When you begin to shoot a green 'power on' LED on the front of the cam flashes over to red. Once you press to stop the recording the top screen displays a 'Save' message telling you that your footage has been saved to the card. For surreptitious filming, I would have preferred the LEDs to be in the back of the cam so I could film in a museum when I am not supposed to, though covering the front LEDs with black electrical tape is easy enough to do and would accomplish the same thing.

The Tachyon's lens provides 120° of wide angle viewing. This creates a bit of a fisheye lens appearance in the footage that I have found to be typical of this type of POV cam, but there is no extreme distortion present so the footage can be used in a number of different types of productions.

A touch of the fisheye but no real distortion and decent color saturation on this untouched clip.

I did find that the sensor was very sensitive to light changes which were clearly visible in many of the test clips as I wandered around my front yard turning away from the sun, towards the shade and slowly panning and tilting in different light conditions.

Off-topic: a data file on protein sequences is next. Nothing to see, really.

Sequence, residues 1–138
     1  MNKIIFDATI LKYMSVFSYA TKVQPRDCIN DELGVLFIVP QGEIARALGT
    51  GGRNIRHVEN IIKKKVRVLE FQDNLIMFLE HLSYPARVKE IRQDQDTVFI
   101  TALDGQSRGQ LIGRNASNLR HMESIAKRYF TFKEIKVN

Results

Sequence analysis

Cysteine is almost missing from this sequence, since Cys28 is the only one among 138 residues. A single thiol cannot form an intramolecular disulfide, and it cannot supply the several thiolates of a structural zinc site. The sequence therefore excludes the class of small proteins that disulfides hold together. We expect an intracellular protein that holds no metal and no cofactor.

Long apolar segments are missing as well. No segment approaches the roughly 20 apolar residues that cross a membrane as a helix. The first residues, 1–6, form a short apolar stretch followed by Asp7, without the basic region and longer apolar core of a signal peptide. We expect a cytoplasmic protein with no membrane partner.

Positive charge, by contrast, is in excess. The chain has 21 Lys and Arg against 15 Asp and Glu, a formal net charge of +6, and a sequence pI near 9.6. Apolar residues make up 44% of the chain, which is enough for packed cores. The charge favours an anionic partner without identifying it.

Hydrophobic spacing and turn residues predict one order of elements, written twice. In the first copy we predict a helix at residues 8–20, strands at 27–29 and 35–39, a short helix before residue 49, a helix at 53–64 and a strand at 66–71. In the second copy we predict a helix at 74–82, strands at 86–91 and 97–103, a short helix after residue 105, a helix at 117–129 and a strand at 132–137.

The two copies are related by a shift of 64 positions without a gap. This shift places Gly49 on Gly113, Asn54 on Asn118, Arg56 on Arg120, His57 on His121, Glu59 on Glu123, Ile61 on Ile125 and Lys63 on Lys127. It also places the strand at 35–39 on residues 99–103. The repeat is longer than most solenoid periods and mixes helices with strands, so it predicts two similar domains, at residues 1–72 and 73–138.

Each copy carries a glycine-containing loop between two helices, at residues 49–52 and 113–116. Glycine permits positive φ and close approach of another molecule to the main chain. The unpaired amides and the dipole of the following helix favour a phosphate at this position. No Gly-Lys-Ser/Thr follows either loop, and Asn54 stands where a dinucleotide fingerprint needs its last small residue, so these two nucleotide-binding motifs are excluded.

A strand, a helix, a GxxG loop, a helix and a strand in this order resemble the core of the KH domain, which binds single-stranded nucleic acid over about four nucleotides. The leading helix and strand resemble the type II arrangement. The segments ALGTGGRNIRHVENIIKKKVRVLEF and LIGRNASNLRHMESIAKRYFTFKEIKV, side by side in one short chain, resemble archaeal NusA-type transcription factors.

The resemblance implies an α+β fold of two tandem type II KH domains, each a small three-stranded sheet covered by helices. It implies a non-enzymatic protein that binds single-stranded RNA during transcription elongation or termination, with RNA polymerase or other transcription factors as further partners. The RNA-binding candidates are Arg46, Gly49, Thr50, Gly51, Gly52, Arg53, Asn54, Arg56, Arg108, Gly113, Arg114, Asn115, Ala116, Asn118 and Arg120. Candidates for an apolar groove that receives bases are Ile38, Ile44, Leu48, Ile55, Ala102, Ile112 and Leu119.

The footage is shot in the 720p format at 30 fps. This is a true 30 frames per second and not the standard NTSC 29.97 fps. This means that if you want to synch the footage to any dialogue from an external microphone or to use it in a standard 29.97fps sequence you would need to use Apple's Compressor or Adobe's Encoder to change the frame rate to match your sequence. Canon, when they came out with their DSLR 5D camera discovered that they had made a similar error which they corrected with a firmware update. It is my hope that Tachyon does the same thing. I do not know, yet, how Tachyon will notify buyers of any firmware updates should they become available.

The XC HD camcorder is very susceptible to handling noise so a mount will be necessary for most instances. However, you do not buy a cam of this type for its audio capabilities. In fact, the Tachyon's microphone is actually sealed by the cam's own back cover within the case. If you pick up someone speaking it will sound quite muffled. Should you open up the back closure, the audio certainly brightens up, but keeping it open defeats the purpose of the closed door which protects the battery, microphone and SDHC card.

The Tachyon XC HD followed movement quite well. A car speeding down the street caused no artifacts or blurring. Mounted on bike or helmet, the footage produced would be of very acceptable quality providing that the light sources were constant. Even then, you could cut out the bad parts, that's what editing is all about.

Yes, I know I am shooting into the sun,(no emails about this please) but the car retains its form and there is no break up of the image.